June 30 is the last day of the financial year in Australia. This makes it a very important date for personal financial planning.

Unfortunately, in 2019, it’s Sunday’s turn to host June 30. In many ways, that makes June 28 the effective end of the current financial year. Last week, we showed you a checklist that you can use to ensure you get everything done the needs to be done before the end of June. As of today, if there are still things you haven’t done, you’ve left things very late. But there may still be time, so please head back to last week’s article and make sure that you have done everything that is possible to do before the financial year ends.

Many people are puzzled as to why the financial year is not the same as the calendar year. In fact, the two couldn’t be more different: the financial year ends exactly halfway through the calendar year. Or, as we financial advisers prefer to put it, the calendar year refuses to be in sync with the financial year. But why, exactly, does Australia’s financial year end on June 30?

In simple terms, it’s a product of Federation. If you know your Australian history, you will know that in 1901 the Commonwealth of Australia was born out of the Federation of six separate colonies – each of what we now know as the states. Our federation was actually achieved by an Act of the British Parliament – as each of the colonies was a colony of Great Britain at the time. This Act of the British Parliament includes the Australian Constitution. Interestingly, Australia’s Constitution actually includes an opportunity for New Zealand to become part of the Commonwealth of Australia. New Zealand chose not to join us in 1901, and despite the chance to make Australia’s rugby team a worldbeater, that choice is probably now permanent.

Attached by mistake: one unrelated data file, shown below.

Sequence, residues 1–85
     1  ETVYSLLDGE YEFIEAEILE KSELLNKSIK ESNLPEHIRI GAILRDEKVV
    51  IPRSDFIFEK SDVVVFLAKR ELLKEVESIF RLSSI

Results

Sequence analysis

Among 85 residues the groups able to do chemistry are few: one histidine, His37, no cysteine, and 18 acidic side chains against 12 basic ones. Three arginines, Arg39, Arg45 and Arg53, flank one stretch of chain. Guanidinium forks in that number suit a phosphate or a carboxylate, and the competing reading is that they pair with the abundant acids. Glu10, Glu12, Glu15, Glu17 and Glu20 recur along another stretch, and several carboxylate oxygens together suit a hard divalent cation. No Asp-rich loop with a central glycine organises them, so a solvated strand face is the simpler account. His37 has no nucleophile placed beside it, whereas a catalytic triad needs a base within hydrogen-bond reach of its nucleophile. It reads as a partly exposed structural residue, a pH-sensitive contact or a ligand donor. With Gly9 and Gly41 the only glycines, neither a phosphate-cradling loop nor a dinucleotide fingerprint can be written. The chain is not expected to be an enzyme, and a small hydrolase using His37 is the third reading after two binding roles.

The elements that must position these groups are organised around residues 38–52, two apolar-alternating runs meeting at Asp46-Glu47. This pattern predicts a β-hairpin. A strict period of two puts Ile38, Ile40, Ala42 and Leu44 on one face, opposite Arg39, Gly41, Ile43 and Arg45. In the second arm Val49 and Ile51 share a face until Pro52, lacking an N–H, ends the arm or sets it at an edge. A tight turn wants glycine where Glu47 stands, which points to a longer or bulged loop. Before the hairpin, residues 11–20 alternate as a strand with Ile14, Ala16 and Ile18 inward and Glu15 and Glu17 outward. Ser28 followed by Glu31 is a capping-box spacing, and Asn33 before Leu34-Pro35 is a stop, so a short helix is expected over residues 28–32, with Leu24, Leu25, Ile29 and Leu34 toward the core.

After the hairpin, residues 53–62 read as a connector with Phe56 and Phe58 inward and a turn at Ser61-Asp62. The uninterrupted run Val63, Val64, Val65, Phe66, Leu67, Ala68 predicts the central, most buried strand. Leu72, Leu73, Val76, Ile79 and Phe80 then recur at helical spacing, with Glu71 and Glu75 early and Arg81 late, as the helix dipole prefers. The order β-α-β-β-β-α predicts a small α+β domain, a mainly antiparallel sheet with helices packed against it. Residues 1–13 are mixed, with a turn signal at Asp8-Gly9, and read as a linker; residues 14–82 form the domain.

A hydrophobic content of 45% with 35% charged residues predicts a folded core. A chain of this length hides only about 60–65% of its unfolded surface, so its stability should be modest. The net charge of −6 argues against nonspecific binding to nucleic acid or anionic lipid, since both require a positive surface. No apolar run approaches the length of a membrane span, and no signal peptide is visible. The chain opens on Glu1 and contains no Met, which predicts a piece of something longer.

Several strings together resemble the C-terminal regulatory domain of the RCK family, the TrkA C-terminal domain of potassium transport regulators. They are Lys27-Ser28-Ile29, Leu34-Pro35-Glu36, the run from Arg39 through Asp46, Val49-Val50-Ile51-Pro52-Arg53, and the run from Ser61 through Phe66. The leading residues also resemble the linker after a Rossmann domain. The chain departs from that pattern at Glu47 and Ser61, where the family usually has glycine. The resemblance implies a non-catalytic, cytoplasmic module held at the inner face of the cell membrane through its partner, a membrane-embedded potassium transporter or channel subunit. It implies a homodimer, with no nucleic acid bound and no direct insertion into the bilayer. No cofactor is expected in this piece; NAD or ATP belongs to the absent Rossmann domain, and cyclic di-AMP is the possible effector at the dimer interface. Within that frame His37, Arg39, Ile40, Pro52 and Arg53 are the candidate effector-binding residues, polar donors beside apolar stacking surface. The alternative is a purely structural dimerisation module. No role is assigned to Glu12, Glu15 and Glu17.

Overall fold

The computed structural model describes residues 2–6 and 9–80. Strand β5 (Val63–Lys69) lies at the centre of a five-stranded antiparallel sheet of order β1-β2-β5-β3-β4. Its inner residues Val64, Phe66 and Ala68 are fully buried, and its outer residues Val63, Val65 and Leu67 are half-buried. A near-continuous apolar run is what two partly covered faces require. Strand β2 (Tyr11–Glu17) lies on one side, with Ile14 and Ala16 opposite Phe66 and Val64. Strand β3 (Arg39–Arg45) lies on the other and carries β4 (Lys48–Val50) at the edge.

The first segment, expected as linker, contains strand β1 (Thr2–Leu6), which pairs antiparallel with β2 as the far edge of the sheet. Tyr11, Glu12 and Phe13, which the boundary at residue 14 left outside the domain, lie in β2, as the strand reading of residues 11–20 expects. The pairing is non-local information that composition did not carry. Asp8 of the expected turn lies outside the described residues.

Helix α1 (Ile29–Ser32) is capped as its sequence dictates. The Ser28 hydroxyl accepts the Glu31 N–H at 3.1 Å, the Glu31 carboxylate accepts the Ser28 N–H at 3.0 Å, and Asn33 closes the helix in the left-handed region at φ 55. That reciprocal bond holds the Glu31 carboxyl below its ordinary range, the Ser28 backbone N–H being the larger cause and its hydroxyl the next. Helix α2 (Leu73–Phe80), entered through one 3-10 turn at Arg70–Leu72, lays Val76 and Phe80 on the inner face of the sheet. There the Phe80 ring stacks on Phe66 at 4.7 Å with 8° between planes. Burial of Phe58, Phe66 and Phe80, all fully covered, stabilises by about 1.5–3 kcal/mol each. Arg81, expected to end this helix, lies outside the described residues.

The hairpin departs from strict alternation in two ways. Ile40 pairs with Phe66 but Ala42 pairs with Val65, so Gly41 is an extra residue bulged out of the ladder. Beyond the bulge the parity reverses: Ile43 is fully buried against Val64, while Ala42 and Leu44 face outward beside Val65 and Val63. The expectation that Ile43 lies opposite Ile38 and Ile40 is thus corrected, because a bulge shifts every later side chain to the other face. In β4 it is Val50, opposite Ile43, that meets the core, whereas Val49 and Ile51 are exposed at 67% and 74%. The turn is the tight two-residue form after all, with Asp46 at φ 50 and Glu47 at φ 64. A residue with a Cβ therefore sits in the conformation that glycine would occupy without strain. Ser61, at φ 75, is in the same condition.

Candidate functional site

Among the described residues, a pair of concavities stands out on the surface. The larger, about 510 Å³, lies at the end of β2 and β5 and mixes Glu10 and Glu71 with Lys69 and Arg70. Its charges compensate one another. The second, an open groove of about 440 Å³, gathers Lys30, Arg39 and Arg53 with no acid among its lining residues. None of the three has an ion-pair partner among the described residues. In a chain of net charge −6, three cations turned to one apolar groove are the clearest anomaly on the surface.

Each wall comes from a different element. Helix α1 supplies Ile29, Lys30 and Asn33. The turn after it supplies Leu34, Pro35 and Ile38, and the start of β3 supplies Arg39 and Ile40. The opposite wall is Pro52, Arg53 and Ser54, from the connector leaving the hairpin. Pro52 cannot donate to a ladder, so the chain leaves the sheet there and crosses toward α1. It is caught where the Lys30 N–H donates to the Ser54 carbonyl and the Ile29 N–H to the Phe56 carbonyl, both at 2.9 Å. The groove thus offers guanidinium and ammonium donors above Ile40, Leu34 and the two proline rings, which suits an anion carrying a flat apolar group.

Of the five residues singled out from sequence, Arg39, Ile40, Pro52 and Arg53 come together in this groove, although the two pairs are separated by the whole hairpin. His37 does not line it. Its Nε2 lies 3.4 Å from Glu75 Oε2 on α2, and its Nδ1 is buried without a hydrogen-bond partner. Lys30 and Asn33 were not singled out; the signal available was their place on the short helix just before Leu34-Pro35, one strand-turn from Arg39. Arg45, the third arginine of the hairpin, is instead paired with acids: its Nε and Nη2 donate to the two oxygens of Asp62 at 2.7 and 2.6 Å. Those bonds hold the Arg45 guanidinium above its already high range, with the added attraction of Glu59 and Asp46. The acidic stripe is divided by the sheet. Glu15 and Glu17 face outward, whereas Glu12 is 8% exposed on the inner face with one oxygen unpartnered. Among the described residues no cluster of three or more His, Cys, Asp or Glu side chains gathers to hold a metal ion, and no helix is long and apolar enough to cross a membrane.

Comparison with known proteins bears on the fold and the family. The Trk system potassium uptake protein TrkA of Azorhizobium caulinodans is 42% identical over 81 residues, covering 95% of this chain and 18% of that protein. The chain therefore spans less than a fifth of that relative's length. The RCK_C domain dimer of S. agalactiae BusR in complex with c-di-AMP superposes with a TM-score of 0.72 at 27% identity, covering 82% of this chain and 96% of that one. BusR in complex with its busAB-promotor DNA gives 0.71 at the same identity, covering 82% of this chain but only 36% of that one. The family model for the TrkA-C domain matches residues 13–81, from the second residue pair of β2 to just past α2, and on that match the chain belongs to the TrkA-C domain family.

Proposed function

Prior to Federation, each colony actually had its own parliament. Each colonial parliament had a Treasury Office which reported to it. Parliamentarians preferred not to work over the summer and Christmas period, which is when the calendar year ends. So, there was no point in the treasury office reporting to Parliament as of 31 December: everyone was on holiday. Instead, most treasury offices picked a time that they knew Parliament would be sitting – right in the middle of the calendar year, when the weather was cold and the days were short.

Because the colonies were all using a June 30 reporting date, the Commonwealth simply followed this practice upon Federation. So, in a very real sense, we have a July to June financial year so as not to interrupt parliamentarians’ holidays.

Other countries use different dates. In the US, the financial year ends on 30 September. Of course, Australia could never use that date, given that it would sometimes clash with various football grand finals. In the UK, the financial year ends at the end of March. Presumably, their parliamentarians also wanted to get all their work out of the way before they went on summer holidays. Most continental European countries use the calendar year for their financial year as well. Very specifically, Iran ends its financial year on 21 March. Canada tries to have things both ways: the government’s financial year ends on 31 March, while individual taxpayers use the calendar year. New Zealand, Australia’s long lost seventh state, also uses a different financial year for government and for taxpayers. Government use the same financial year as we do in Australia, while taxpayers finish things up on March 31.

Just another reason why the Wallabies will never wear all black.